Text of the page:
If JEA is truly committed to protecting our waterways, then fixing failing wastewater treatment facilities and sewage collection systems should be one of its top priorities. Based on the ongoing violations at the Arlington East and Buckman facilities, JEA does not appear to be adequately living up to that commitment. Our goal is to make sure that they are fulfilling their legal responsibility and obligation to operate facilities that are fully and consistently in compliance with the law and don’t cause harm to the public or our river.

We'll keep you posted as things progress.

Saturday, August 11, 2007

The Green Monster Returns


This photo was taken on Wednesday along Julington Creek by Dr. Gerry Pinto while doing his bi-monthly aerial manatee survey. It serves as a reminder that the nutrient pollution problem has not been resolved and could even lead to a more substantial bloom like we had in 2005. We will keep monitoring the "Green Monster" and let you know if it gets worse or if the algae turns out to be toxic like in 05'. Read the latest article that was in the Daily Record about the recent algae sitings.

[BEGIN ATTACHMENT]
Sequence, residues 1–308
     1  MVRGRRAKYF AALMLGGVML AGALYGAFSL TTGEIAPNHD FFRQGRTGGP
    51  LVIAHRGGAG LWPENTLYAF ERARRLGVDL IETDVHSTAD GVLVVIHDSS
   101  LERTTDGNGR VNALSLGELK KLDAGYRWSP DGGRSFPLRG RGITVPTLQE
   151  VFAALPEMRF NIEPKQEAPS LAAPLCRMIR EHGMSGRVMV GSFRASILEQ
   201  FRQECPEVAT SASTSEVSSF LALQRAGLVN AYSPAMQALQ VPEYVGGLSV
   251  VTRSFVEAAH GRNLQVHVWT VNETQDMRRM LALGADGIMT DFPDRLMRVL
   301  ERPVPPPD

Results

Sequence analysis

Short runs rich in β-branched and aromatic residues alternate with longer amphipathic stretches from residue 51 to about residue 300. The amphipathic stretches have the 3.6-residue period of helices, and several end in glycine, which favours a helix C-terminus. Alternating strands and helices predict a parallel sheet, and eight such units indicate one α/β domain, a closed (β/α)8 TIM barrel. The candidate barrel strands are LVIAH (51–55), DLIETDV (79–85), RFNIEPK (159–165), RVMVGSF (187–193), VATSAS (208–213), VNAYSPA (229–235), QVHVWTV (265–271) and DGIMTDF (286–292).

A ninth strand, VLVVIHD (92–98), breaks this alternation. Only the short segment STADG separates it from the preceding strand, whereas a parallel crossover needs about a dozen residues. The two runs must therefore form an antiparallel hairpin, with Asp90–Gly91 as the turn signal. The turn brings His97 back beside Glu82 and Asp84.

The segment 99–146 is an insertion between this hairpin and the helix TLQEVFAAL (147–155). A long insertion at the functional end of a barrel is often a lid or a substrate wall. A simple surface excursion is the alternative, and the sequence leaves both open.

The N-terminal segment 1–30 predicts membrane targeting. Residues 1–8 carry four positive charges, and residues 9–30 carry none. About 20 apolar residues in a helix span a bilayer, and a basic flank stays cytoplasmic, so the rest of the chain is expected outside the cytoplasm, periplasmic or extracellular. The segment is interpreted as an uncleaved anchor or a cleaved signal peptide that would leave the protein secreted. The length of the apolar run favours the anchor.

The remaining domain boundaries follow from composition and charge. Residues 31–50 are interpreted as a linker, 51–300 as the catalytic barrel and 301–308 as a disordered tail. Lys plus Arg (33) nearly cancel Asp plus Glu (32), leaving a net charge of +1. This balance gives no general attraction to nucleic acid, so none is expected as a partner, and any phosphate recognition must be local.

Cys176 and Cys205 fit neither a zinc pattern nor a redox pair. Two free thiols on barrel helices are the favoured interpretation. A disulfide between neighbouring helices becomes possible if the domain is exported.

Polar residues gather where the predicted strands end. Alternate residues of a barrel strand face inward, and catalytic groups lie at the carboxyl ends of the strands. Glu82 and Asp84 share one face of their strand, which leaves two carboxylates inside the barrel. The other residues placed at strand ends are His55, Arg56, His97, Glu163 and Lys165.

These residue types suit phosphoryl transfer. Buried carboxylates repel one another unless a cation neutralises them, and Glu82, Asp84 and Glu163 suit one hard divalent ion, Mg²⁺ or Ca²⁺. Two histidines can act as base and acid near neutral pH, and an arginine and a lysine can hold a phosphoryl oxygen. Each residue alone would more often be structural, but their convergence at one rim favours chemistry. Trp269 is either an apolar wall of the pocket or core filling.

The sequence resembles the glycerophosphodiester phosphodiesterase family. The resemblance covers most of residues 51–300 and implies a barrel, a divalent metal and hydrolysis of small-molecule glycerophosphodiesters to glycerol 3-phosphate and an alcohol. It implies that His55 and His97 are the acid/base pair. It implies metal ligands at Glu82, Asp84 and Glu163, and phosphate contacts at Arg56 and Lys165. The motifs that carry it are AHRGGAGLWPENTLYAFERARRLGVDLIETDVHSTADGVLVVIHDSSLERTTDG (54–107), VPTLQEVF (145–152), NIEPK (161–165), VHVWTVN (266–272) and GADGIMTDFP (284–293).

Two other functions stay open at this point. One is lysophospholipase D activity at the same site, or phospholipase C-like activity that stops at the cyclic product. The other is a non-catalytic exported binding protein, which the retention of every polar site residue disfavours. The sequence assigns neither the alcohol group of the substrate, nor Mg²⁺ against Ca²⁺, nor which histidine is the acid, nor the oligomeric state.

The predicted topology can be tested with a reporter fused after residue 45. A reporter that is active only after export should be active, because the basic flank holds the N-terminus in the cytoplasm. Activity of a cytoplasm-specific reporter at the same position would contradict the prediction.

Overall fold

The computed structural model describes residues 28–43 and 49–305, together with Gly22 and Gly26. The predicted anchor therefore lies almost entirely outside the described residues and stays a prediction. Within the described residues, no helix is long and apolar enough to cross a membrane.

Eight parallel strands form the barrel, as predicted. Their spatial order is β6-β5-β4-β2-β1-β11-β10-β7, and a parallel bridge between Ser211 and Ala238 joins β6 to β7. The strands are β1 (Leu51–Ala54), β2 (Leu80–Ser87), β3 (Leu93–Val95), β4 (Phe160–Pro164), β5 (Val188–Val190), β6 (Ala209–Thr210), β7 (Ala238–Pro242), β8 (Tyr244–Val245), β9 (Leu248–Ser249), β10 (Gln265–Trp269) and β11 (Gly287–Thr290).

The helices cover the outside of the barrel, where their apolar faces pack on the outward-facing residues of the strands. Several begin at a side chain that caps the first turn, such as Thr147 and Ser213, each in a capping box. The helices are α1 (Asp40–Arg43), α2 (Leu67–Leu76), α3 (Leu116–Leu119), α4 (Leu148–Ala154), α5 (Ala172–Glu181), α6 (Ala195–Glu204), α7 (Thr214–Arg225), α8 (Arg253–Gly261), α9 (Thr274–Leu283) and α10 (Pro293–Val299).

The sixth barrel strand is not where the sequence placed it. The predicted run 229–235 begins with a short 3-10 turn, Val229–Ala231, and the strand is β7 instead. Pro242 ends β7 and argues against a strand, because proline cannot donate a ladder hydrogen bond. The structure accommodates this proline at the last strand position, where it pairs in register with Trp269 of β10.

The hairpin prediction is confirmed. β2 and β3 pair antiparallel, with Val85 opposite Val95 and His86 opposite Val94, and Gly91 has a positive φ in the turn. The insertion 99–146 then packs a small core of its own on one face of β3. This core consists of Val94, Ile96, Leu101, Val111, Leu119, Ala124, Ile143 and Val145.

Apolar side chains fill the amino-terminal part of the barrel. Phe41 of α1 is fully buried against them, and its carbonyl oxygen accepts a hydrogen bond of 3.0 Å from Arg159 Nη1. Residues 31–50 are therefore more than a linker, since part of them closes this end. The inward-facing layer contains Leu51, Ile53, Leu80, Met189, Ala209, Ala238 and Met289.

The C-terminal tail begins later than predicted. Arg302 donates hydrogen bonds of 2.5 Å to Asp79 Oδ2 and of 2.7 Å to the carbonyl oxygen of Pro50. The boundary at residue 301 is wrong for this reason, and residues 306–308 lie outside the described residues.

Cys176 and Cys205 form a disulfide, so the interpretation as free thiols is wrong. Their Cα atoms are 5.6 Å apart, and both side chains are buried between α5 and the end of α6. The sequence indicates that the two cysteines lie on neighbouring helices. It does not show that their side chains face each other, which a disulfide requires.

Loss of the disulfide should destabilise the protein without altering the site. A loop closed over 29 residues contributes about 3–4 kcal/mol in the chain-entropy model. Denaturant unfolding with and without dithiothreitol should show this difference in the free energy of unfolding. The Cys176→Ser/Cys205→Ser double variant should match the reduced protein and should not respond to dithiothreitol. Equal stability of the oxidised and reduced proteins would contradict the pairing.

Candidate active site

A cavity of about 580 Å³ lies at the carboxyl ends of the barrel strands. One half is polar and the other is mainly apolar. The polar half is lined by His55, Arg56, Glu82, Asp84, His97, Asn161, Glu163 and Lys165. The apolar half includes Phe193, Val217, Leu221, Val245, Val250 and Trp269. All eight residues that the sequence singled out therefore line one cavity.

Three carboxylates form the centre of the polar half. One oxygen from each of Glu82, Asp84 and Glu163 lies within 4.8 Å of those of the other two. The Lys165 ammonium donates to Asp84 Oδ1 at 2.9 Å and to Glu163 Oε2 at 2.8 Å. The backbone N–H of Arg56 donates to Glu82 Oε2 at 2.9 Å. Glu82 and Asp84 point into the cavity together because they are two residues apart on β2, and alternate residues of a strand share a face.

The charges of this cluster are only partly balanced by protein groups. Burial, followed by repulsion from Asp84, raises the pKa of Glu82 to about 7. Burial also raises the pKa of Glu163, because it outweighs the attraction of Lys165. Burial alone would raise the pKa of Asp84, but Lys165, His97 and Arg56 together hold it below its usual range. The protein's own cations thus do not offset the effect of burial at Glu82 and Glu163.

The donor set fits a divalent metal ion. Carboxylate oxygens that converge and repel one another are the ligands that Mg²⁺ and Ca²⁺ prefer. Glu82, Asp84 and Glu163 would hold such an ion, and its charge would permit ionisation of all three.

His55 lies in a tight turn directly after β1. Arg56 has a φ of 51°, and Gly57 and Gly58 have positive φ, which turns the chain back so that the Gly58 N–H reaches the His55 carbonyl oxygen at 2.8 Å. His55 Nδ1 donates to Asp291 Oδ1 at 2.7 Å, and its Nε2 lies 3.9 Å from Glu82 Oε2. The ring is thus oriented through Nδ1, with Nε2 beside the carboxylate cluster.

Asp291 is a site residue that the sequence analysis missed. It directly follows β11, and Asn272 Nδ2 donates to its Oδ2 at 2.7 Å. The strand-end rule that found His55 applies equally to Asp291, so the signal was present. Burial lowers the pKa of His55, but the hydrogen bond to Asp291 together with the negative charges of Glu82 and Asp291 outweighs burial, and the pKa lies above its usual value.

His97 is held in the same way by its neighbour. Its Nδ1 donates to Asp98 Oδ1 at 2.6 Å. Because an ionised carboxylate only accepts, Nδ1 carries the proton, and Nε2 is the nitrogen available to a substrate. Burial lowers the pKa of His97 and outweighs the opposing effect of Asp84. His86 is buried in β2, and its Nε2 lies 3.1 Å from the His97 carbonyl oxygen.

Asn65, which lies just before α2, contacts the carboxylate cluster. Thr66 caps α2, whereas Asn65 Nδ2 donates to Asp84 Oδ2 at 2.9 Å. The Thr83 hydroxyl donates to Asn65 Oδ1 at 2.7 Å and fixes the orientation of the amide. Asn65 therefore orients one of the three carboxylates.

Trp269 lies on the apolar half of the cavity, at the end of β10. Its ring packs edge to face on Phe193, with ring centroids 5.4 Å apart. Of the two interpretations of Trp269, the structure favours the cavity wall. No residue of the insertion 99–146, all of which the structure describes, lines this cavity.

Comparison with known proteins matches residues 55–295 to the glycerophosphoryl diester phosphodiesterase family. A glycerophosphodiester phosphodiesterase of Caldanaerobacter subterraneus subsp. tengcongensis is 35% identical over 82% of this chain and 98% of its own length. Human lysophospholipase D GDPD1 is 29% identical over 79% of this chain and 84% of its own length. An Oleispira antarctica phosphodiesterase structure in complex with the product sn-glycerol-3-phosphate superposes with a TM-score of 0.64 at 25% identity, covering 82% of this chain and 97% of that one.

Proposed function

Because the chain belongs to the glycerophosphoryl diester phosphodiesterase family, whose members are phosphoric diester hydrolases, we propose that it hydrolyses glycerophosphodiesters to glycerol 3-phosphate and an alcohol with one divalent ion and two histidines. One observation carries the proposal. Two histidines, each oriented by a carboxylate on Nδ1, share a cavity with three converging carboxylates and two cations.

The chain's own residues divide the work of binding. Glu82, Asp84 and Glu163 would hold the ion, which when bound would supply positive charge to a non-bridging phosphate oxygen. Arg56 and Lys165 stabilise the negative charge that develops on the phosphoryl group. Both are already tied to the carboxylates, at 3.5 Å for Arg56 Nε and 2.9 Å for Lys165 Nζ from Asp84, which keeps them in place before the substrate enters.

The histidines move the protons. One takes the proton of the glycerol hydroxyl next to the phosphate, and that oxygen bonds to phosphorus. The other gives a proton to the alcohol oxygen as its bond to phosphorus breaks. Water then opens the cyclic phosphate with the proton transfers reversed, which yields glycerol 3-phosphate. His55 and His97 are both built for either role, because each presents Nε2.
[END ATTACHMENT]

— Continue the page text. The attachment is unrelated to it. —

Thursday, August 9, 2007

Pollution Pipeline



As I’ve mentioned before, the Georgia Pacific Paper Mill’s (GP) discharge permit is up for renewal. We have been following the application as it moves through the Florida Department of Environmental Protection‘s (DEP) process.